Category Archives: Campus Life

Welcome Class of 2023: ED2 Edition!

This past Wednesday, Wesleyan University welcomed a new batch of students via Early Decision 2! Firstly, I’d like to speak directly to our freshly hatched 2023’ers and welcome you to our community. You have just committed to ~4 years of magical experiences that will leave you both intellectually enlightened and slightly bloated.

As someone who was accepted in ED2, I understand the excitement of receiving this acceptance at the peak of your senioritis. I wish you the best of luck now that you are legally bound to this institution and its host town, the booming metropolis of Middletown, Connecticut.

Another perk of your acceptance is that you are free to explore the most creative and news-worthy student blog, Wesleying. Here you can learn about all the hot topics of discussion that provide the only entertainment in our mundane undergraduate lives. From campus events to random memes to social commentary on campus life, Wesleying has it all. *wink*

We feel very lucky that your first-choice school rejected you.

 

Hot for Teacher: The Best On-Campus Date Spots for You and Your Secret Professor Lover

Editor’s Note: While it can be fun to joke about professor crushes, we want to emphasize that this post represents fictional situations, and that we do not promote such relationships in real life. We don’t want to make light of the actual harmful power dynamics that can arise from these prohibited relationships. Furthermore, research and experiences of Wesleyan professors have shown that the objectification of female and non-white professors is a barrier to them advancing in their fields, particularly when it comes to course evaluations.

Wesleying extends our support and our platform to any survivor of sexual misconduct who wishes to share their story. We condemn all forms of sexual misconduct including professor-student relationships and discriminatory employment practices based on gender. If you believe that you or someone else has been the recipient of such advances, you can always reach out to SACE Director Johanna DeBari or SACE Intern Rachele Merliss ‘19 to talk, and you can find a complete list of on- and off-campus resources here.

this is just some german mathematician we found on the internet

We all know how it starts: First they asked the class to call them by their first name, but soon enough you’re giving each other the eyes in Tishler and making out in Music Studios practice rooms. What started out as a spark has turned into an illicit romance between you and a man or woman a decade or four older than you. What now?

Fear not! If you’re an aspiring Emmanuel Macron struggling on how and where to spend extra-curricular time with your Brigette, we’ve got you covered. The criteria:

Intimacy: How romantic is it?
Privacy: How secluded is it?
Convenience: How accessible is it?
Covertness: How easy would it be to explain to a nosy Michael Roth?

Let’s get that extra credit!

2019 Honorary Degree Recipients Announced: Hartman ’84, Carby, & Sanders ’69

In an email this morning, President Roth ’76 announced this year’s Commencement Speaker will be Saidiya Hartman ’84 (above). Reverend Edwin C. Sanders II ’69 (left) and Former Wesleyan Professor Hazel V. Carby (right) will also receive honorary degrees at the University’s 187th Commencement.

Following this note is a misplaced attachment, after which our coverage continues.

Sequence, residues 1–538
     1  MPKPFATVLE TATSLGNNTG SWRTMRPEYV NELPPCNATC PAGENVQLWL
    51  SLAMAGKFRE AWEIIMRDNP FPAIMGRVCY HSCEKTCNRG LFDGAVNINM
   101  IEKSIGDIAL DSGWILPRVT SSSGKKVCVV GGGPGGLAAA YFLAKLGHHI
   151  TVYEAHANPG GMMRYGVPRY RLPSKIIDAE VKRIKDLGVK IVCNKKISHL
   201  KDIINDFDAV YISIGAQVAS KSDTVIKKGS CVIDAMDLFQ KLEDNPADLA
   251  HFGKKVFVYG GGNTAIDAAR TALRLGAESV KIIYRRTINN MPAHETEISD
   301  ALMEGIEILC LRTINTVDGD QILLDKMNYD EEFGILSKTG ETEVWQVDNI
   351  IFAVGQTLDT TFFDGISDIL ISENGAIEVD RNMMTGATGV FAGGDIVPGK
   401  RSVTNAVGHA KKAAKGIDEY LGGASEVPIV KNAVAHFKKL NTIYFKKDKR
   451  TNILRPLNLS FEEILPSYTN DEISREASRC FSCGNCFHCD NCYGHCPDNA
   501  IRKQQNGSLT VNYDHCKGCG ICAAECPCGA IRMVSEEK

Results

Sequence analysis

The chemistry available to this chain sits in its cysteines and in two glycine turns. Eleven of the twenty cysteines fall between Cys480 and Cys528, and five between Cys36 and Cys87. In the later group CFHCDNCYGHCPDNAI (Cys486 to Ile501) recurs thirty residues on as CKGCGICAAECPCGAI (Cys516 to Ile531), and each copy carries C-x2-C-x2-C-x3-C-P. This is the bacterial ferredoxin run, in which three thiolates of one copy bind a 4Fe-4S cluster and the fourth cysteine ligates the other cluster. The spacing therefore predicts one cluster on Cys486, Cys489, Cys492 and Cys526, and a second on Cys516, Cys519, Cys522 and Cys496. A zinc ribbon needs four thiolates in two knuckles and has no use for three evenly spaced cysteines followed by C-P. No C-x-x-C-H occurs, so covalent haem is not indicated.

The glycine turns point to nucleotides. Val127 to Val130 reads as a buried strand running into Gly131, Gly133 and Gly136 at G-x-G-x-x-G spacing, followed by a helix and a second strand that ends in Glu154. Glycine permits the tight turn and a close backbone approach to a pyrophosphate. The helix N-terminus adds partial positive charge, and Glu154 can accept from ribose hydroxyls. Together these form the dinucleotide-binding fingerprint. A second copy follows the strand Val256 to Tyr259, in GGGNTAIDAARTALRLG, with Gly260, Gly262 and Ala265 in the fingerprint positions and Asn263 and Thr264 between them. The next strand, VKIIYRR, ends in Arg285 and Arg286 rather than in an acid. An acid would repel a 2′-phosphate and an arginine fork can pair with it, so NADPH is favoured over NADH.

This seems to be the first time in a while that Roth has actually read the room when selecting honorees for Commencement. It’s certainly gratifying to see a Black woman being honored for her achievements on the 50th anniversary of the Vanguard Class of ’96 and the founding of the African American studies program (which has finally been received department status this year).

Certainly, this year’s honorees are a welcome variation from last year’s Commencement Speaker controversy. As many of you recall, Daniel Handler ’92, who has a history of racist and sexist harassment, was chosen as the 2018 Commencement Speaker, while Dr. Anita Hillknown for advocating against those very abuses, was relegated to a lesser position of honorary degree recipient. Handler later withdrew as Commencement Speaker following a flurry of student and alumni demands to #CancelHandler18. Notably, President Roth and the administration did nothing in response to concerns and complaints from survivors, students and alumni of color, and other members of the Wesleyan community. Dr. Hill graciously agreed to give the Commencement address in Handler’s stead.

Hopefully this year’s Honorary Degree recipients can become emblematic of the excellence that Wesleyan chooses to honor at future Commencement Ceremonies, rather than continuing a pattern of choosing powerful (and often problematic) white men who don’t represent the community or values that Wesleyan claims to strive toward.

If you have thoughts or feelings about this year’s selection of honorees, we welcome write-ins and guest posts! Just shoot us an email at staff[at]wesleying[dot]edu.

The full text of Roth’s email can be read below:

why is this school literally macklemore

I remember the first full-price clothing item I ever bought. No discounts. No coupon. It was my first semester at Wesleyan, and I had to get a black dress for my WesWinds concert. My mom and I had gone to Zara to check their overwhelmingly black aesthetic, and I found a black dress with a lace top. I thought it was the perfect dress until I checked the price tag. $50. We both knew that we would have to wait forever for that dress to go on sale, and I didn’t own an appropriate dress for my concert, which was quickly approaching.

My mom gave me a look and said hadi, which translates into a bunch of things in English. It can mean come on, let’s, but in this situation, it meant, we’re going to ignore the price because this is a pretty dress. Screw it, let’s buy it. It also meant, let’s do this quickly before my wallet changes its mind.

For most of my life, I’ve been much more accustomed to hand-me-downs and clearance rack finds than full-price fashions and expensive trends. Growing up, my favorite outfit was a sequined denim jumpsuit that had been passed down to me. This was, in retrospect, absolutely ridiculous and marginally over-the-top for a pre-teen to wear, but it was special to me. Our hand-me-down system was cross-continental: my friend’s mom would pass down her daughter’s clothes to me, where I would get some use out of it, and then those clothes were packed away to be brought to my cousins in Turkey, where the cascade of hand-me-downs began again: starting with one of the middle cousins, to the one slightly younger, to the second-cousin-twice-removed-or-what-we-just-call-cousin down the line. As long as it was in wearable condition, it was passed down.